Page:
Topics: News, What's New from the Charities Directorate of CRA, Canadian Charity Law, New corporate non-profit acts
As I have noted before I am concerned that many thousands of Federal non-profit corporations have not continued to the new CNCA and at some point after October 17, 2014 they will be dissolved by Industry Canada. That is a particular problem for registered charities in that CRA will eventually revoke the registered charities status of those charities.
CRA has indicated to me that in September 2014 they will be sending a mailing to all registered charities and Registered Canadian Amateur Athletic Associations (RCAAAs) that are under the Canada Corporations Act reminding them of the need to continue to the CNCA. My guess is that the information that CRA has for registered charities, including addresses, is far more up to date than the information that Industry Canada has on file. I had previously guessed that there are approximately 5000 registered charities that could lose their charitable status, well apparently the number as of July is closer to 5400!
I had requested from CRA an update as to the CNCA process. Here is the note that I received from them.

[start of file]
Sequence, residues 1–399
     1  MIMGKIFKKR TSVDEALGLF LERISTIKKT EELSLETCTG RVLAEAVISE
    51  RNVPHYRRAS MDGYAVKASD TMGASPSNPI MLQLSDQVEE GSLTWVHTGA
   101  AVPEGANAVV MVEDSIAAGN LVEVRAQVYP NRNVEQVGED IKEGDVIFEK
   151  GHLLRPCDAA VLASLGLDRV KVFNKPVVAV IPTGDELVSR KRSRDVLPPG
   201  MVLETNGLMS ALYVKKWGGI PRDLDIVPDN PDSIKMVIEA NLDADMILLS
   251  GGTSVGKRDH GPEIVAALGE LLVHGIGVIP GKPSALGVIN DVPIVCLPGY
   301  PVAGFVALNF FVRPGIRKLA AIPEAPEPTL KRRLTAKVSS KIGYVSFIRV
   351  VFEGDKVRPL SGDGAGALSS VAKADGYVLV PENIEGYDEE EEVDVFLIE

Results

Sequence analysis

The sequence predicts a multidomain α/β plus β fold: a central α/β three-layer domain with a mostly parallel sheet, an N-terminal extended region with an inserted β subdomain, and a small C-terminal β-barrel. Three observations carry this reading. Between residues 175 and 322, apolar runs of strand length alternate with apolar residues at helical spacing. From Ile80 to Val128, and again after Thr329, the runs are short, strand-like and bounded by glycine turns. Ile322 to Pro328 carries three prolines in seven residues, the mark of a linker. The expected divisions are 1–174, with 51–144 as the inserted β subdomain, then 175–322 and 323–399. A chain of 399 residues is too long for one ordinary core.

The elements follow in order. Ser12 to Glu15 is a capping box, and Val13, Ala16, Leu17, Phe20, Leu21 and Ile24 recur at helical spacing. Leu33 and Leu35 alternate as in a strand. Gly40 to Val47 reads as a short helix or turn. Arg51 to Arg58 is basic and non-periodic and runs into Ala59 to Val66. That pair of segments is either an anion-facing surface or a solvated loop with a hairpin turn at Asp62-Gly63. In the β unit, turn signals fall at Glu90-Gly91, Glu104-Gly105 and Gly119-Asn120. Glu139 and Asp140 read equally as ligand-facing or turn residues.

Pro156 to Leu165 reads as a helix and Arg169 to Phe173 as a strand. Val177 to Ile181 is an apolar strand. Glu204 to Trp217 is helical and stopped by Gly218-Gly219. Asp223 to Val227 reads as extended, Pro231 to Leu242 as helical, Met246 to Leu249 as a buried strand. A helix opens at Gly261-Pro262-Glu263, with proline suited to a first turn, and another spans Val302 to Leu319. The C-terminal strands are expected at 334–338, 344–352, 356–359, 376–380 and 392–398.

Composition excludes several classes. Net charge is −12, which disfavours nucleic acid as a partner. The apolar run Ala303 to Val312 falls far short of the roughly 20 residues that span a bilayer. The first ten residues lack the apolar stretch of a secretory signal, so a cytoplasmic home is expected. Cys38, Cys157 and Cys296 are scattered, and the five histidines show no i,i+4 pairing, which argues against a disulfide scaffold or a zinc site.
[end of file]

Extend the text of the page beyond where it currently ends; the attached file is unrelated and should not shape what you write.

“Please note that the figures provided are approximate. As of July 2014, there have been 2,100 out of 7,500 registered charities and RCAAAs under CCA II that have either completed the transition or have submitted documentation indicating that they are in the process of continuance to the CNCA.
The CRA has taken multiple steps to assist with this transition, including:
In September, the CRA will be mailing a reminder letter to registered charities and RCAAAs incorporated under the CCA II in another effort to provide further direction on how to apply for continuance and the information that is needed to complete the transition process.”
For more information on the CNCA and the continuance process see: New corporate non-profit acts
Do you require legal advice with respect to Canadian or Ontario non-profits or charities?
Mark Blumberg is a partner at the law firm of Blumberg Segal LLP in Toronto and works almost exclusively in the areas of non-profit and charity law.